When faced with both research and logic supporting policies empowering parents to choose the school that best fits their child’s needs, opponents of such liberty “usually appeal to philosophical arguments about the value of education as a public good,” writes Western Kentucky University education professor and Bluegrass Institute Scholar Gary Houchens, Ph.D. “Society, the economy, and American democracy benefit by a strong public investment in schools. Which is true, of course. But there is no reason to presume that, because education is a public good, it must necessarily be delivered to all children by a government-run school.”
Continuing this same vein of logic, Houchens notes other ways in which we provide public goods to poor families:
We recognize health as a public good too, but we don’t assume that we must get all of our health care from government-run hospitals and doctors’ offices.
We don’t tell families who receive food stamps which grocery store they must shop at to buy food.
We don’t tell Medicaid patients which doctor they have to visit for health care.
We don’t tell college students which university they must attend to use their Pell grant (or GI Bill).
Houchens notes it’s “patently unfair” and “inconsistent” to deny parents who can’t afford the same educational options that affluent families have “the most personal decision of all – who is going to educate your children.”
When it comes to the research, the good professor notes a 2013 report from the Friedman Foundation offering a comprehensive analysis of many high quality research studies showing mostly positive outcomes of school choice programs.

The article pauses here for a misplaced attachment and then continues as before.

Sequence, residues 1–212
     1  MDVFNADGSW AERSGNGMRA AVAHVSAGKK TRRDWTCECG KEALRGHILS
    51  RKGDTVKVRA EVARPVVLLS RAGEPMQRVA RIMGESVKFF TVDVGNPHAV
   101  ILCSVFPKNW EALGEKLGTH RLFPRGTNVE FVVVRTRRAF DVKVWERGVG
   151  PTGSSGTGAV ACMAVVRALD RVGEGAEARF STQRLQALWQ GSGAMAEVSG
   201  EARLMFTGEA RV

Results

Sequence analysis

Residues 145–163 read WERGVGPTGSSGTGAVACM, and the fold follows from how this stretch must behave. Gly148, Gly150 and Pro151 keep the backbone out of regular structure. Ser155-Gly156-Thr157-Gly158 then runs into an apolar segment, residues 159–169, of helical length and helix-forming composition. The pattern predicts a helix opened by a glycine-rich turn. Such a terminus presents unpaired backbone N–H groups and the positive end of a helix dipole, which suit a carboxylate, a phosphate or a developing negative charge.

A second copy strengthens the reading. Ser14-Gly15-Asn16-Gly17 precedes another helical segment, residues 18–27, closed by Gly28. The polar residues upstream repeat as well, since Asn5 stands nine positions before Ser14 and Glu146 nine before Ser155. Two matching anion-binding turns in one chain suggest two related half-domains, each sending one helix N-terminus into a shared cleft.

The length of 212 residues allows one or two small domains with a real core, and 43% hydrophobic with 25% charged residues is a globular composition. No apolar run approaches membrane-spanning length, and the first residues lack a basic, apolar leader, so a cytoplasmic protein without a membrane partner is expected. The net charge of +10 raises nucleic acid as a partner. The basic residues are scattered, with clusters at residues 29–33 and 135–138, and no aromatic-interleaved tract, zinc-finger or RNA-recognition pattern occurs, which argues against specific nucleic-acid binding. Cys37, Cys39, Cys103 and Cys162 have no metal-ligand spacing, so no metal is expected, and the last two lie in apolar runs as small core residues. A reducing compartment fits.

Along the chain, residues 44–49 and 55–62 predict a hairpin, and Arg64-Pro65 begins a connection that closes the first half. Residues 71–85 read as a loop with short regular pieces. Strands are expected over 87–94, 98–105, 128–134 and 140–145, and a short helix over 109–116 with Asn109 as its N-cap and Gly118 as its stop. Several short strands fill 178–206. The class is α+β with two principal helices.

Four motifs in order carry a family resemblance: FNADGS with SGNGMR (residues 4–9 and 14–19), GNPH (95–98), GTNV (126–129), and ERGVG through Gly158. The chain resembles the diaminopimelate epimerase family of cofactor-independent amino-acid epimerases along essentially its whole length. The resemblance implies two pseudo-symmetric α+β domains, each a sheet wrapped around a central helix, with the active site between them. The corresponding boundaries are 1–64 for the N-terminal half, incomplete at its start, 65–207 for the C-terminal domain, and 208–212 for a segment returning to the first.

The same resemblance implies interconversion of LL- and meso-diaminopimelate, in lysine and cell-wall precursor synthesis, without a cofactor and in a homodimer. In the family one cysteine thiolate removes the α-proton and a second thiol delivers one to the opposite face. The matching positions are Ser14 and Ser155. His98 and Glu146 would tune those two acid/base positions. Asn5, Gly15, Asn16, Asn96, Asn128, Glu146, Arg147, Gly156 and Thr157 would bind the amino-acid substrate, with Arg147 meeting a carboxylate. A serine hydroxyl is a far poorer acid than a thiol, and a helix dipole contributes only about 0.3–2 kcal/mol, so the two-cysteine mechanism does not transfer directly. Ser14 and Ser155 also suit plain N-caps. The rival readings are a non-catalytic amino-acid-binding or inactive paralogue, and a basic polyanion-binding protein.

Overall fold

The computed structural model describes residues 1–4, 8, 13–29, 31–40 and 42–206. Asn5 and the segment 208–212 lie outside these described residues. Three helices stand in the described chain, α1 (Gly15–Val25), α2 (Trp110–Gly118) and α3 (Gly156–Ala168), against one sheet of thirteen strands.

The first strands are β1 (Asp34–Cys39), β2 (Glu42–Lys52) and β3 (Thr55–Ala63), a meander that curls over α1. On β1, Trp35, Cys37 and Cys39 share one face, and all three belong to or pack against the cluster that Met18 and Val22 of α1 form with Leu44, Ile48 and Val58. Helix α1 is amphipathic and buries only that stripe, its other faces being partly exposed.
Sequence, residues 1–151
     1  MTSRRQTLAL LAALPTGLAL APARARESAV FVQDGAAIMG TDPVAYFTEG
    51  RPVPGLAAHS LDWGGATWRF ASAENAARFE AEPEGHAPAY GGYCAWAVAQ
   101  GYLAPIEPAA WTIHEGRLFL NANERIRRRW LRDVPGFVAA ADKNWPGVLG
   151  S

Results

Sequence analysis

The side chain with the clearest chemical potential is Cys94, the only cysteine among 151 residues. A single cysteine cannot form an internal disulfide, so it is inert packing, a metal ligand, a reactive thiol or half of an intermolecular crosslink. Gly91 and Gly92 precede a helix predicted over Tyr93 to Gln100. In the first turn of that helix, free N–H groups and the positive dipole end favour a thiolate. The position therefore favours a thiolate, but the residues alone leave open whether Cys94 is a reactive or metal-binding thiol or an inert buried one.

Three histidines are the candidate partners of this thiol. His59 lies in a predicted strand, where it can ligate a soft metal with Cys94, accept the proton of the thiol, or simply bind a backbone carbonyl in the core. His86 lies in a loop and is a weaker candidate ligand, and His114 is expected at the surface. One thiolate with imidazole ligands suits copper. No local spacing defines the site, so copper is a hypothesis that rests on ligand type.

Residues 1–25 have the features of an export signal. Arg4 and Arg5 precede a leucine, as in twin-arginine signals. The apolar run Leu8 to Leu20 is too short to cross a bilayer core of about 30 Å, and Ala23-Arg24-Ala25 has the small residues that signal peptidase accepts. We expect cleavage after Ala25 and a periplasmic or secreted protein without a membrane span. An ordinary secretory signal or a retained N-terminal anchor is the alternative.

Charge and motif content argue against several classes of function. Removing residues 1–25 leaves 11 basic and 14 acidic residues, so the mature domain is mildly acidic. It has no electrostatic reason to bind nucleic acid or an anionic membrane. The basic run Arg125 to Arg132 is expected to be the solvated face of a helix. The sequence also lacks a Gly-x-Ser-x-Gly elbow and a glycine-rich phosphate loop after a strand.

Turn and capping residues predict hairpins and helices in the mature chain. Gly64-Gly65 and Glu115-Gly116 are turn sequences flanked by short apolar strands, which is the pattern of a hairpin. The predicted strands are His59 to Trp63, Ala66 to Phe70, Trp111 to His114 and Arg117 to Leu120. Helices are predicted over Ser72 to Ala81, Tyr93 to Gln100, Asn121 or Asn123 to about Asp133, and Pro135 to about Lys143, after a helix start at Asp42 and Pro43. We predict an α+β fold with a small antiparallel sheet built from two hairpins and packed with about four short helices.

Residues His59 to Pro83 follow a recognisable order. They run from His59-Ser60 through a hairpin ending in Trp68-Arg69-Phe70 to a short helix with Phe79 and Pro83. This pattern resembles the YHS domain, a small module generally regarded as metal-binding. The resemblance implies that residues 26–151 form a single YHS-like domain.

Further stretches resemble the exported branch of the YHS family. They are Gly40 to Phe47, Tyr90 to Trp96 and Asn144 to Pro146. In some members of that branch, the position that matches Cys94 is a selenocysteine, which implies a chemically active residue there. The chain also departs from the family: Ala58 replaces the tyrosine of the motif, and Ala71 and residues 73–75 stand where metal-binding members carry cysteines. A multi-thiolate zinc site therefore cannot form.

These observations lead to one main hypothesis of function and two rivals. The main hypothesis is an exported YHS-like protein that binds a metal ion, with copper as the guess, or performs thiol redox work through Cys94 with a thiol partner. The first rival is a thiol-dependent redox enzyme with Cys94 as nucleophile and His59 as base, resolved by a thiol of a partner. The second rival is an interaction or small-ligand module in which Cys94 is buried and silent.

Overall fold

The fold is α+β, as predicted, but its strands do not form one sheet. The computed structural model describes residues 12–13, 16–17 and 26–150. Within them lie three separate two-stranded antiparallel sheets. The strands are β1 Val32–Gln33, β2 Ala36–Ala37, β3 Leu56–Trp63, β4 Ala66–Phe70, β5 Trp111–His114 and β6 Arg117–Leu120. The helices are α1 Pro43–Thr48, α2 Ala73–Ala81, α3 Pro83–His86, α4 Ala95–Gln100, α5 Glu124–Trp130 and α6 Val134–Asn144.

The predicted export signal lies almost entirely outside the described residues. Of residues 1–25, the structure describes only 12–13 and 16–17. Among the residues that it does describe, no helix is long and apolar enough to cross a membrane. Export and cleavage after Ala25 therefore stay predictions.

The Friedman report shows that out of 36 gold-standard research studies, 11 demonstrate positive outcomes for children who participate in school choice programs and 21 show positive outcomes for students who choose to remain in public schools within a larger school-choice environment. Two other studies showed no visible effects. None of the studies demonstrated a negative impact on students as a result of school choice policies.
Eighteen other studies analyzed in the report describe the impact of school choice programs on other important variables like racial segregation of schools, the fiscal impact on taxpayers, and civic values among students. Again, most studies showed positive outcomes on all counts, and none showed a negative impact.
Kentucky remains one of only a handful of states without at least one important parental school-choice option such as public charter schools or scholarship tax credits. This will change as we continue to empower Kentuckians with the data and the logic to make their own arguments that will, in the end, serve a multitude of low-income families.